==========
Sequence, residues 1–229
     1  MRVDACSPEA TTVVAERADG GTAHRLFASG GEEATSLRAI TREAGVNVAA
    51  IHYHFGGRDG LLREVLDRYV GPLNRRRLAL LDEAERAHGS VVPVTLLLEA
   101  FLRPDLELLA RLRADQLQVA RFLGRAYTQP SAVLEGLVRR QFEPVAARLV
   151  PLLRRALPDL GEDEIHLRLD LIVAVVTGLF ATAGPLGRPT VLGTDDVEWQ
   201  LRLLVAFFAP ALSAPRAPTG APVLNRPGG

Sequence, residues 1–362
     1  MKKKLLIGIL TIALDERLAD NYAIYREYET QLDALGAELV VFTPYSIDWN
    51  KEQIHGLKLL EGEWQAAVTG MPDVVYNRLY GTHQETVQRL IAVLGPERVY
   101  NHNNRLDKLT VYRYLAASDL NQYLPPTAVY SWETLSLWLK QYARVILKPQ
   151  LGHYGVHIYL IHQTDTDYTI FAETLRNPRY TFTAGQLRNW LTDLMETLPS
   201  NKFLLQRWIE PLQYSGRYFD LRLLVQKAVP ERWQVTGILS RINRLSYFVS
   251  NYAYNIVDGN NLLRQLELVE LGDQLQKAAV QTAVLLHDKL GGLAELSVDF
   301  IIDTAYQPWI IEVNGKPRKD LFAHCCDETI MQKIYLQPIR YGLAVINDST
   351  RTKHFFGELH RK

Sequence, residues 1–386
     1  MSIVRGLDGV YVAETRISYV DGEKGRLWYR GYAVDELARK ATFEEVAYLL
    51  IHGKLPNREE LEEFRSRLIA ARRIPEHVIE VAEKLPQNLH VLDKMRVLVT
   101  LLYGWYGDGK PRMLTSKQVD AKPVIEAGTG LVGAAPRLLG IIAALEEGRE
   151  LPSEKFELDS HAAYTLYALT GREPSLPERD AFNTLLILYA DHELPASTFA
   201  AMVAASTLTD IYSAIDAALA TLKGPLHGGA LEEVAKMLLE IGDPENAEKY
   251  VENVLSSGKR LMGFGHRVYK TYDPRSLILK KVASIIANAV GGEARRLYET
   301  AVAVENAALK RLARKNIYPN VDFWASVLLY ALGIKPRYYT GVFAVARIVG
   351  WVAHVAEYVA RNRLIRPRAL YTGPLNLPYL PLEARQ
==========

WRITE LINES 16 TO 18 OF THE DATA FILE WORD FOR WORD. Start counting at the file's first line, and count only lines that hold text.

Sequence, residues 1–386
     1  MSIVRGLDGV YVAETRISYV DGEKGRLWYR GYAVDELARK ATFEEVAYLL
    51  IHGKLPNREE LEEFRSRLIA ARRIPEHVIE VAEKLPQNLH VLDKMRVLVT